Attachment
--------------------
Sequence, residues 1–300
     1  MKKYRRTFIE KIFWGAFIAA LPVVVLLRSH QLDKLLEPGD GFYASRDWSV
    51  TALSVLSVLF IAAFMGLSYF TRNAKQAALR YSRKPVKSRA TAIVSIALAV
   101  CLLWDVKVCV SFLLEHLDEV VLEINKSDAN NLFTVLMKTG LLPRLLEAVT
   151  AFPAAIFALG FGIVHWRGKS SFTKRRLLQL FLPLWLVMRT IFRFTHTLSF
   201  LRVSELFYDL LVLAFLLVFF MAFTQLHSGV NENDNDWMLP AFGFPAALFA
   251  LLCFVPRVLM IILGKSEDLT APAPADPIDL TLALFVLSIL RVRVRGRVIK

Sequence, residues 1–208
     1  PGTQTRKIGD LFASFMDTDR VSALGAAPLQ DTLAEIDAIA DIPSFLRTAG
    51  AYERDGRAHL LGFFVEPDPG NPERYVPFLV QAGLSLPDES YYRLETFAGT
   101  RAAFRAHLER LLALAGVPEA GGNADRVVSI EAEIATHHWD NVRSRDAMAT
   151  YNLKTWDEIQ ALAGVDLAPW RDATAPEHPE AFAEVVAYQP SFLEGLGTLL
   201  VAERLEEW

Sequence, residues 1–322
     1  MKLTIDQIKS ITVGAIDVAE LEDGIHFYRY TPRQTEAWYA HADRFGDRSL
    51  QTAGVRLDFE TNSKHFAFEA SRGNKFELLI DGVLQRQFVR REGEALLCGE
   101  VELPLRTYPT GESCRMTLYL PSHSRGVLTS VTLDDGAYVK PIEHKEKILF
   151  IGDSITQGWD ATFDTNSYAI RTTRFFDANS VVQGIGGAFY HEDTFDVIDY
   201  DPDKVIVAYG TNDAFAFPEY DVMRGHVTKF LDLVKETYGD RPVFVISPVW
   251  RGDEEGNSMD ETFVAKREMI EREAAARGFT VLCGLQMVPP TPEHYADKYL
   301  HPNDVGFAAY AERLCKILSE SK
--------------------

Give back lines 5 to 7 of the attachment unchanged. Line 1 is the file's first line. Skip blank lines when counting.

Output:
   151  AFPAAIFALG FGIVHWRGKS SFTKRRLLQL FLPLWLVMRT IFRFTHTLSF
   201  LRVSELFYDL LVLAFLLVFF MAFTQLHSGV NENDNDWMLP AFGFPAALFA
   251  LLCFVPRVLM IILGKSEDLT APAPADPIDL TLALFVLSIL RVRVRGRVIK